By 1980, Zappa had formed his own Barking Pumpkin records and released Tinsel Town Rebellion, a collection of songs from tours in 1979 and 1980 along with one new studio track.  The album includes guitarist Steve Vai, who joined Zappa's band on tour in 1980.  In 1981, Frank released three instrumental albums, which showcase his guitar talent.  Another guitar-only album, Guitar, was released in 1988.

In 1982, Zappa released Ship Arriving Too Late to Save a Drowning Witch, which included "Valley Girl", his biggest career hit, done with his daughter named Moon Unit.  In 1983, Zappa released a rock-oriented album, The Man from Utopia, and a project of orchestral music, London Symphony Orchestra, Vol. 1.

The 1986 album Jazz From Hell earned Zappa his first Grammy Award for Best Rock Instrumental Performance.  Except for one live guitar solo ("St. Etienne"), the album featured music by the Synclavier, Zappa's newest discovery.

Zappa toured with a rock and jazz band in 1988, which included new material with a strong political emphasis as well as covers ranging from "Bolero" by Maurice Ravel to Led Zeppelin's "Stairway to Heaven".  On June 24, 1991, Zappa took part in the concert "Adieu Soviet Army", organized in Prague as the farewell to the last soldiers of the Soviet Army to leave the country.  It is believed to be Zappa's last appearance on stage.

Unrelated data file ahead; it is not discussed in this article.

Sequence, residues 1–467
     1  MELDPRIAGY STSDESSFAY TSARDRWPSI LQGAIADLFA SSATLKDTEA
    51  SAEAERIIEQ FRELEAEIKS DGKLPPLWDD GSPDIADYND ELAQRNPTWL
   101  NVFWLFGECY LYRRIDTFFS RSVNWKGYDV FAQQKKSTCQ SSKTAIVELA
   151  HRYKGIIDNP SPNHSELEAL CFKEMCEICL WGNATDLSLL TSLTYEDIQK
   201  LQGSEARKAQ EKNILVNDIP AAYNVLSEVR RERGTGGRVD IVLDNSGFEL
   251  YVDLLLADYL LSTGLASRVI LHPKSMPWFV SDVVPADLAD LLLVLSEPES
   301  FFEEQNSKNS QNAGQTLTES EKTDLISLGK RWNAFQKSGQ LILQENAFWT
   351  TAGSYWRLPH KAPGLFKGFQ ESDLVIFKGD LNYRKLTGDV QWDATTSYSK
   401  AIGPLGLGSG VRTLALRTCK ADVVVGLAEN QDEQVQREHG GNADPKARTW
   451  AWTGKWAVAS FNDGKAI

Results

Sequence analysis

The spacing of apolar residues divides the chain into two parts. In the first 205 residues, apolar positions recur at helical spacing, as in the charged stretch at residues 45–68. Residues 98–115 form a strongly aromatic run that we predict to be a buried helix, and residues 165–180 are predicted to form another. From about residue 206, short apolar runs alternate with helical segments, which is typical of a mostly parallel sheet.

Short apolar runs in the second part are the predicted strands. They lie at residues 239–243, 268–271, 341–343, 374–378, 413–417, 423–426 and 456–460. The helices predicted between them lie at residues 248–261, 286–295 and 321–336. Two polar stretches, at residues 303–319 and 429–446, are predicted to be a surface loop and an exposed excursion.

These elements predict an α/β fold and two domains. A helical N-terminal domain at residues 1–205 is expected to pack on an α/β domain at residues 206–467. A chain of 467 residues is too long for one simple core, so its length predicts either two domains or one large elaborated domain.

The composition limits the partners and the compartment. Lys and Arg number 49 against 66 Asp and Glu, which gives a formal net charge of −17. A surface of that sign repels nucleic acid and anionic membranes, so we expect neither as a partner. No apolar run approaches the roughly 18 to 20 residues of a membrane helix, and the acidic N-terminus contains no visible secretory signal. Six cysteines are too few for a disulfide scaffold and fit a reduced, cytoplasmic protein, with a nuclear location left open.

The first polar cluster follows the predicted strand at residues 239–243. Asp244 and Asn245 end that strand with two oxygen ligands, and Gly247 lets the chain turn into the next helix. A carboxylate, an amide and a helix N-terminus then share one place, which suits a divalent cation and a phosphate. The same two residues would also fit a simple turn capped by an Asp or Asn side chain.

In 1990, Frank was diagnosed with terminal prostate cancer.  He died December 4, 1993 at his home.  

Guitar Player devoted an entire issue to Frank in 1992.  Many music scholars acknowledge him as one of the most influential composers of his generation.  In 1994, the jazz magazine Down Beat placed Zappa in its Hall of Fame and Frank was posthumously elected into the Rock & Roll Hall of Fame in 1995.  Zappa received the Grammy Lifetime Achievement Award posthumously in 1997.

Although Frank was often misunderstood and not widely known, many artists, including Alice Cooper, Black Sabbath, Warren DeMartini of Ratt, Steve Vai, System of a Down, Trey Anastasio of Phish and John Frusciante of the Red Hot Chili Peppers were influenced by Zappa.  No matter if you're a fan or not, there is no disputing his talent and one-of-a-kind guitar technique.  Frank is #44 for the Rock Era*.